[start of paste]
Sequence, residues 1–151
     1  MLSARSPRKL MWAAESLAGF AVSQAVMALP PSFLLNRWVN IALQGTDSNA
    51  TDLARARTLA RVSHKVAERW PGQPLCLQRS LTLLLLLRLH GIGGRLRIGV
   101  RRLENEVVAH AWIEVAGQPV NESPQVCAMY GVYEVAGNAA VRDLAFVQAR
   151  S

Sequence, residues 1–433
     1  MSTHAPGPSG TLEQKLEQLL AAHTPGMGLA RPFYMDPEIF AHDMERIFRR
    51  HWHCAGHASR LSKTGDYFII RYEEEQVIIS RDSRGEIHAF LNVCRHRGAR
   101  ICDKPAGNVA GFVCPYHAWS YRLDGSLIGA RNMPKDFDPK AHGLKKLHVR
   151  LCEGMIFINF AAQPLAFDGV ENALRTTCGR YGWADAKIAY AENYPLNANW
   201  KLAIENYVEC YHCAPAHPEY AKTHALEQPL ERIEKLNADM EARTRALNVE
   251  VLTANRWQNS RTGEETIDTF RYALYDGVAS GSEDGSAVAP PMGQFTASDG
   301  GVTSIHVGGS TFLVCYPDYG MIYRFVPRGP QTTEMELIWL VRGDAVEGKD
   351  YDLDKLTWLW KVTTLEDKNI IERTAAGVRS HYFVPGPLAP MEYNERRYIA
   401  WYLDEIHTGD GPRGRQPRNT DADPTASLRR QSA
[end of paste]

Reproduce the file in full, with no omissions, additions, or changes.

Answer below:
Sequence, residues 1–151
     1  MLSARSPRKL MWAAESLAGF AVSQAVMALP PSFLLNRWVN IALQGTDSNA
    51  TDLARARTLA RVSHKVAERW PGQPLCLQRS LTLLLLLRLH GIGGRLRIGV
   101  RRLENEVVAH AWIEVAGQPV NESPQVCAMY GVYEVAGNAA VRDLAFVQAR
   151  S

Sequence, residues 1–433
     1  MSTHAPGPSG TLEQKLEQLL AAHTPGMGLA RPFYMDPEIF AHDMERIFRR
    51  HWHCAGHASR LSKTGDYFII RYEEEQVIIS RDSRGEIHAF LNVCRHRGAR
   101  ICDKPAGNVA GFVCPYHAWS YRLDGSLIGA RNMPKDFDPK AHGLKKLHVR
   151  LCEGMIFINF AAQPLAFDGV ENALRTTCGR YGWADAKIAY AENYPLNANW
   201  KLAIENYVEC YHCAPAHPEY AKTHALEQPL ERIEKLNADM EARTRALNVE
   251  VLTANRWQNS RTGEETIDTF RYALYDGVAS GSEDGSAVAP PMGQFTASDG
   301  GVTSIHVGGS TFLVCYPDYG MIYRFVPRGP QTTEMELIWL VRGDAVEGKD
   351  YDLDKLTWLW KVTTLEDKNI IERTAAGVRS HYFVPGPLAP MEYNERRYIA
   401  WYLDEIHTGD GPRGRQPRNT DADPTASLRR QSA